Dale: in most countries piggybacking is considered stealing someone elses service and so is illegal. The fact that you are ignorant of connecting to someone elses network or that they do not know you are doing so makes no difference. At the very least you're just generally ignorant and so is the person with the unsecured network IMHO.
There are an increasing number of computer-savvy OAPs - my father is one of them. Apart from having been shown by their kids, increasing numbers of people are going to have been using computers and the Internet regularly during their last few years at work.
You may as well ask what all these OAPs are doing with colour televisions. All technology filters down (up?) to the older generations eventually.
We may have a different view when we're 70 and sitting in front of our 2D monitors stubbornly bashing our antique keyboards while our grandchildren try to convince us to install a 4D nanomechanical interface in our brains.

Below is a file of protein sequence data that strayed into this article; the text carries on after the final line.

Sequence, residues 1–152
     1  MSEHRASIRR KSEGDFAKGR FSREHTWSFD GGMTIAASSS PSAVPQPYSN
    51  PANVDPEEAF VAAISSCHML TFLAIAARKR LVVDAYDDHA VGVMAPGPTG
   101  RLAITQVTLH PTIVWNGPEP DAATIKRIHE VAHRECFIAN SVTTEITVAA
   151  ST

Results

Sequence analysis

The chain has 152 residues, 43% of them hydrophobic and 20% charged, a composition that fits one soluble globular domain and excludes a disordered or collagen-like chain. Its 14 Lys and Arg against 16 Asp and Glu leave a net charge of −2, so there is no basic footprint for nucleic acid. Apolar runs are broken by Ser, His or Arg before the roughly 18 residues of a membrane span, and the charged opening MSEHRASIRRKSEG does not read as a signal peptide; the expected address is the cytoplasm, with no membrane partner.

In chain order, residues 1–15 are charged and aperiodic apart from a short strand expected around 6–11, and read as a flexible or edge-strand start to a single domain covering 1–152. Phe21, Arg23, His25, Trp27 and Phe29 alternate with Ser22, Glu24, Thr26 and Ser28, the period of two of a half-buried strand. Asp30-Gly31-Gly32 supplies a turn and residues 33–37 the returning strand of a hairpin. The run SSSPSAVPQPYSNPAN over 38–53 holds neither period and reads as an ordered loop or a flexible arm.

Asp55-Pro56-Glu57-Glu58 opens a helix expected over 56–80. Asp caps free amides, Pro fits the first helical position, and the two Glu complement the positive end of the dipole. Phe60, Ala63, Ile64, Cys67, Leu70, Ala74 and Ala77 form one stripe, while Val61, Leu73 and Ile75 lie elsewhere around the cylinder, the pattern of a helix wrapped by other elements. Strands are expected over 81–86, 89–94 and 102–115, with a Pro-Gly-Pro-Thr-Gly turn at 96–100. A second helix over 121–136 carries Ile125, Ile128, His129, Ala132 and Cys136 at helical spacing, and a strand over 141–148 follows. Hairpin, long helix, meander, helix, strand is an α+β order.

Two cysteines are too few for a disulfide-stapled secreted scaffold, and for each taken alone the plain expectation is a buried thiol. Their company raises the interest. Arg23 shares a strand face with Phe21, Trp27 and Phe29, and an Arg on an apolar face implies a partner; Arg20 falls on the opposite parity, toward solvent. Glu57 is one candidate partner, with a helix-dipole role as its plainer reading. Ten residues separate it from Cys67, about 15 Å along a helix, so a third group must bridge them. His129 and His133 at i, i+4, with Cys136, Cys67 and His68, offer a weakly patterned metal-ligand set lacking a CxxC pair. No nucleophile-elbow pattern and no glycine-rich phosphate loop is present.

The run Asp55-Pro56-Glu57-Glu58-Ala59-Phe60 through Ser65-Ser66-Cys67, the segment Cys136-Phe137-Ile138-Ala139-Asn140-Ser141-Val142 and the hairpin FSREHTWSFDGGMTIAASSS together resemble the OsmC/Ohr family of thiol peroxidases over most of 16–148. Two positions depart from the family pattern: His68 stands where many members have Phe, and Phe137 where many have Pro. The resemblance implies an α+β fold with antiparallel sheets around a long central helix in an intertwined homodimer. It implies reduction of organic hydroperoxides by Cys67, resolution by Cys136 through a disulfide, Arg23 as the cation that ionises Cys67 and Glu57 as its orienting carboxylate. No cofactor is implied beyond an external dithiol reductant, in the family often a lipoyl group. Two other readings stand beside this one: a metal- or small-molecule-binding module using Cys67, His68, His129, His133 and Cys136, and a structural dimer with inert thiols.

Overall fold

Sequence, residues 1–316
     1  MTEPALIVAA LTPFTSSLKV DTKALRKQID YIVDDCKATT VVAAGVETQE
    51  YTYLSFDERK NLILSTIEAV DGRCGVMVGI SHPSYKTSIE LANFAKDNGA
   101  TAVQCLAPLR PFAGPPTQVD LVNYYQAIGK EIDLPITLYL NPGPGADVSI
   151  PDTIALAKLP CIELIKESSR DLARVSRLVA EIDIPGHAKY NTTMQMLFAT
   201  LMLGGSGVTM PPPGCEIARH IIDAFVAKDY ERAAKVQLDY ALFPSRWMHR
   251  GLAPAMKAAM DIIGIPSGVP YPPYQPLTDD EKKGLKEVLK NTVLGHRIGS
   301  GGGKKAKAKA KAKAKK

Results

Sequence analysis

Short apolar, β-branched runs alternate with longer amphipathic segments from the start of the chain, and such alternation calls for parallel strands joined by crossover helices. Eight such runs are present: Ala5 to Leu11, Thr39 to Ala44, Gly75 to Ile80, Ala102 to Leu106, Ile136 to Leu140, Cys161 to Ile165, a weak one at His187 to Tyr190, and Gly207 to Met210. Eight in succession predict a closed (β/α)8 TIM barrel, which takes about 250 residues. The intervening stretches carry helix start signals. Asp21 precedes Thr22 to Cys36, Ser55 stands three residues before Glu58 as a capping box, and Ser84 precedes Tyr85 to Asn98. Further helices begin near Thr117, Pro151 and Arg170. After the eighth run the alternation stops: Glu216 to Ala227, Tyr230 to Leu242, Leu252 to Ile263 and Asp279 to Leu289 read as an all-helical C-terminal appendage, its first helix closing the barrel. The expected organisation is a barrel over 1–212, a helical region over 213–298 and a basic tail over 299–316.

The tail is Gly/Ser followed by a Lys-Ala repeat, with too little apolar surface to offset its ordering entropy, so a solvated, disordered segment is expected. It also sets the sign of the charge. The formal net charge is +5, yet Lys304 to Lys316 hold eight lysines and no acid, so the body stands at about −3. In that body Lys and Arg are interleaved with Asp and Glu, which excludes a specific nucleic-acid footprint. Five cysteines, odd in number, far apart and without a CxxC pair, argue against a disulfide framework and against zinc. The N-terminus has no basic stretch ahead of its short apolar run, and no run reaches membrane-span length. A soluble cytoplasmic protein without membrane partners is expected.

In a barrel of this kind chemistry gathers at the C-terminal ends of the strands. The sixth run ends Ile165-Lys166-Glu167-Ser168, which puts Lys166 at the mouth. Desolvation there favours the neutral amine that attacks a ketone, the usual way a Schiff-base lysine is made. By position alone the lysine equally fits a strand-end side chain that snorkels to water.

Such a thing already exists, Fon make a router that has an unencrypted "free for all" SSID that shares bandwidth (for Fon members at least) and a private, WPA encrypted SSID for your own personal use. The public SSID is always of the form "FON_foo" so people connecting know what they're going to get.
Temporary and non-destructive usage of someone else's property, as long as it is minor and not otherwise illegal, is relatively common and
If I am driving and need to turn into someone's driveway to turn around, I just do it without thinking. Am I trespassing? If they really want to keep others from 'borrowing' their driveway, they could put a gate on it, or tire spikes.... I do not damage it by using it, I don't see a problem.